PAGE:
Anyone visiting the tony Reston Town Center on Saturday may have thought that Kelly Clarkson of “American Idol” fame was racing around the Virginia mall on a pricey shopping spree.
But it turns out that Tiffany Enns, a staffer for Rep. James Sensenbrenner (R-Wis.), was merely dressed up like Clarkson as part of “The Hot Identity Theft” contest she won from a local radio station.
Sensenbrenner snagged $50,000 in the D.C. Lottery a few years ago, so there’s clearly good karma in his office. Enns won the grand prize in a sticker-collecting contest with 99.5 FM that netted her a celebrity makeover as well as a $5,000 shopping spree.
She chose Clarkson over six other celebrities for the makeover, with the hair and
makeup provided by Le Shoppe salon along with an appropriate outfit from the trendy South Moon Under to boot.
The staffer then had just 30 minutes to scoop up as much merchandise as possible — with the cap of $5,000 — from the stores of her choice. This 23-year-old gal was clearly up to the challenge.
“I actually spent all of the money in 13 minutes,” Enns told HOH with a laugh. “My girlfriends were proud. And they told me that from now on, any guy that I’m interested in cannot know that fact because that will be the end of the relationship.”
Sorry if this messes up the love life. But assuming there are plenty of folks who would like to put themselves in her shoes, HOH just couldn’t resist passing on the details of her shopping strategy.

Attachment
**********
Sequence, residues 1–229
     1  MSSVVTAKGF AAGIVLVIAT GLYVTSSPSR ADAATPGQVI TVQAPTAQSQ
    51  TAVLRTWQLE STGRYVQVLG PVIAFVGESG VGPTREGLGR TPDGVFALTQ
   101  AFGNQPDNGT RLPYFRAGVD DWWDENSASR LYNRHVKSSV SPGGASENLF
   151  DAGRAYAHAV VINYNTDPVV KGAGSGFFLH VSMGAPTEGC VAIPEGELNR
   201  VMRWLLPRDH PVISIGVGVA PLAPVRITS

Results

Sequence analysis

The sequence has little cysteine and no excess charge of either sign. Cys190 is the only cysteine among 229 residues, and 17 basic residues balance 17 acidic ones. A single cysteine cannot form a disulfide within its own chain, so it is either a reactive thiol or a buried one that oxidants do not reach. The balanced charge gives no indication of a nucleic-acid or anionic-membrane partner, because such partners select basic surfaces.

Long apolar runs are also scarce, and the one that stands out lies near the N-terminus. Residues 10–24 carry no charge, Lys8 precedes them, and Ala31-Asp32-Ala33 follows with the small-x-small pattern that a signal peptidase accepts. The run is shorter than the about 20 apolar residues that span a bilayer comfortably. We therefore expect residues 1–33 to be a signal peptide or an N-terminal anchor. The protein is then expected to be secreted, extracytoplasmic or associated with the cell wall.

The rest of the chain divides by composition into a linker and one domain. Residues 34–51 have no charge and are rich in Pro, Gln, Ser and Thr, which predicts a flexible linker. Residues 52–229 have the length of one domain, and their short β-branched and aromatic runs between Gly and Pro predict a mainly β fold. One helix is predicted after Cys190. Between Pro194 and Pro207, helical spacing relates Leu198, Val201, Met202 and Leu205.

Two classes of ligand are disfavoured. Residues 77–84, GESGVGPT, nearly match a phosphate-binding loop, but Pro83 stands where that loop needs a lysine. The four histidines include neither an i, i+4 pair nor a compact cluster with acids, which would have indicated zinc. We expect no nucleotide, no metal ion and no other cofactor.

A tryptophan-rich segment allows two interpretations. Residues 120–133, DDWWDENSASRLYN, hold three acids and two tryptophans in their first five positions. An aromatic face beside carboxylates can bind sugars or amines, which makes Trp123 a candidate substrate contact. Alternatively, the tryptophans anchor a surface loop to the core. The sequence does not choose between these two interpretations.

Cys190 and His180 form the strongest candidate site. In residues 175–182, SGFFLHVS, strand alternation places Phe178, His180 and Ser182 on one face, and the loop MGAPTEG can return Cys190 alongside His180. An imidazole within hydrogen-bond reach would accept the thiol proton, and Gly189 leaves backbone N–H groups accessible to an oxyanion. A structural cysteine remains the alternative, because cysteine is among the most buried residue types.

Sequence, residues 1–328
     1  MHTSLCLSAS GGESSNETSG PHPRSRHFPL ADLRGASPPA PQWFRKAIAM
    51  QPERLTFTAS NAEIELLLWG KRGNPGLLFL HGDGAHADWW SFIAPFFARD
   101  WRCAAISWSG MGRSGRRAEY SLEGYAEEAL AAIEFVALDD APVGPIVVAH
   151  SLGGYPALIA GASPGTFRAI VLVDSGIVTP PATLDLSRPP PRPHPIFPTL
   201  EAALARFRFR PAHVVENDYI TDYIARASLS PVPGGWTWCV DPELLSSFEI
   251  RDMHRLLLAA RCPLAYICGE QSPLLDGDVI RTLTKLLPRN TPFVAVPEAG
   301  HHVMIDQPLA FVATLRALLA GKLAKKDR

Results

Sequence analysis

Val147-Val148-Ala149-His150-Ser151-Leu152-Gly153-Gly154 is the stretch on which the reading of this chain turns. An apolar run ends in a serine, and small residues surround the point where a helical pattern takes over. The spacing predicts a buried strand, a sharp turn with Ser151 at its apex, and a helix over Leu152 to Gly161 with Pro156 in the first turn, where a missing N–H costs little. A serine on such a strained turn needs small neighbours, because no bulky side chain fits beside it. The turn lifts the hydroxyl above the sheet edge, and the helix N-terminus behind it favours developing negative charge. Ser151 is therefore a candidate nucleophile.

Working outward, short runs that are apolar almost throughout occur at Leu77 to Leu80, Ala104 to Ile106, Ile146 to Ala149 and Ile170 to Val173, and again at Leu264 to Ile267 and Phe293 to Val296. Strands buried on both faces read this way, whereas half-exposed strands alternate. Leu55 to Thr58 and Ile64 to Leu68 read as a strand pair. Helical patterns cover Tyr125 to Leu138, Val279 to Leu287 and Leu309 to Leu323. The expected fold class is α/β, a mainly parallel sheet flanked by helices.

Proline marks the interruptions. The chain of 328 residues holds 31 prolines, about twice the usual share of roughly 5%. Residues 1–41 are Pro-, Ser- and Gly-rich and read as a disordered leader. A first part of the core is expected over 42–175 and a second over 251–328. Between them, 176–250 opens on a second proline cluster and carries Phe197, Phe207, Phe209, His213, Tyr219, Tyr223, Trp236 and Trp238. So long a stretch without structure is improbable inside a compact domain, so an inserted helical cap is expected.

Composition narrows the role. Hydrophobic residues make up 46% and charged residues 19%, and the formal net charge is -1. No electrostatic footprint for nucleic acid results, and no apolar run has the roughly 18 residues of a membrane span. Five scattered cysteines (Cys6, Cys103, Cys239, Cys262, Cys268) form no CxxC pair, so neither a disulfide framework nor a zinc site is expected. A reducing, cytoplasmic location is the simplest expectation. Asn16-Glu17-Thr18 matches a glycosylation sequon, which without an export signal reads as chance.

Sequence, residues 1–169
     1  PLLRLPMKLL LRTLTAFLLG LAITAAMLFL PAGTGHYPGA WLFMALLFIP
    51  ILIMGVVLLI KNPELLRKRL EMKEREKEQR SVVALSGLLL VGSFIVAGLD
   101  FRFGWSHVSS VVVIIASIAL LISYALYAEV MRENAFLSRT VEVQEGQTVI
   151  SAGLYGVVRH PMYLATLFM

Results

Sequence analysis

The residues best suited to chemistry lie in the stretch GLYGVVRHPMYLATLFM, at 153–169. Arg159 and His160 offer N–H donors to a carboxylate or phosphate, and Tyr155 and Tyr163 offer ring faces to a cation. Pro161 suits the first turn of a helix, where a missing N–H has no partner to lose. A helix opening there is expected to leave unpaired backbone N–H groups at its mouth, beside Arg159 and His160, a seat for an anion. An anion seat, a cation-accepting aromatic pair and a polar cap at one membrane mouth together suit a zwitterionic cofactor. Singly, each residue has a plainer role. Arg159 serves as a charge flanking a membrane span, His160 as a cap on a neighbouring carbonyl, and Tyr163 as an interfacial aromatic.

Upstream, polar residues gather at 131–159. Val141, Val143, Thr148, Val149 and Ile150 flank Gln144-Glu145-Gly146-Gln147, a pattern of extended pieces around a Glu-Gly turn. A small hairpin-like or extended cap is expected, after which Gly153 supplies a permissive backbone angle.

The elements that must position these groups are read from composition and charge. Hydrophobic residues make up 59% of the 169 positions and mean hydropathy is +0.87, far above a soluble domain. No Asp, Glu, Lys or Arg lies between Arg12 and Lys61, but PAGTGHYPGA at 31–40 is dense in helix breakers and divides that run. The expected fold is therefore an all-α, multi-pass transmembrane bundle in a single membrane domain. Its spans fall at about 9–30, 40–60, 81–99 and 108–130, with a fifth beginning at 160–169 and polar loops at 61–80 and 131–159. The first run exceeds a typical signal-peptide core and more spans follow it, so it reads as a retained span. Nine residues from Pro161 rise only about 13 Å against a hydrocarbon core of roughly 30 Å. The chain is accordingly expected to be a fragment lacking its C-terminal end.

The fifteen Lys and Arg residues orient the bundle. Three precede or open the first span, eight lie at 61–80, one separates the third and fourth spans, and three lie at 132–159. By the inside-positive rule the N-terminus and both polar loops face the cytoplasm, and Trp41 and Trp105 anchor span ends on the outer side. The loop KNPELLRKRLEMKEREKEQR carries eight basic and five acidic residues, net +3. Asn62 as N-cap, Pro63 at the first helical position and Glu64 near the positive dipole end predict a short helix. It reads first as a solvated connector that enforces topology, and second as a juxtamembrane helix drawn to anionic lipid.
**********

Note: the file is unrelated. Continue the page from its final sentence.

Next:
Enns first rushed over to Talbot’s for some classy clothes followed by a quick jaunt to Pink Palm (the swank Lily Pulitzer signature shop). And then — of course — she was on to Nine West for three pairs of shoes.
There was quite a scene, with a marketing person from the radio station shouting into a megaphone, “Clear the aisles!” Enns also had five friends in tow to carry the bags and close out the transactions while she moved on to other stores.
“I proceeded on to Ann Taylor and spent over $2,100,” recalled Enns, who scooped up five suits and some blouses that should come in handy as she starts a new job this week at the Education Department.
She wrapped it all up at Williams-Sonoma, where she spent a little over $2,000 on a 10-piece set of stainless steel pots and all kinds of other kitchen products. “They loaded it up on a flatbed truck for me to take home,” she noted.
Her duties as “Clarkson” ended at 2 p.m. when she had to introduce the singer Sarai for a concert in the mall. But Sensenbrenner aide Mike Lenn threw a party in the evening, and colleagues convinced Enns to stay a celebrity for a few more hours.
“They asked me to stay in full hair and makeup and play Kelly Clarkson,” she said, though, alas, she didn’t belt out any tunes.
Burns-ed Again. It has not been a good month for freshman Rep. Max Burns (R-Ga.), who’s now under fire for not immediately condemning a supporter’s slam about how the Congressman may face a “Jew boy down in Savannah” in next year’s election.
The comment made by Burns fundraiser Jackie Sommers at a recent event for the Congressman could prove rather tricky for the House GOP leadership, which has been actively courting the Jewish-American community in recent months.
“If this is the Republican idea of Jewish outreach, then I’d hate to see what antagonism looks like,” said Ira Forman, executive director of the National Jewish Democratic Council.
Sommers made the comment in reference to Democrat Tony Center, who is exploring a run for the seat, and has denounced Burns for not condemning his supporter at the September fundraiser, which was first reported by the Savannah Morning News.
A consultant for Doug Haines, a Democratic candidate for the seat who is also Jewish, said the comments were particularly troublesome given ex-Rep. Cynthia McKinney’s (D-Ga.) anti-Semitic comments last year.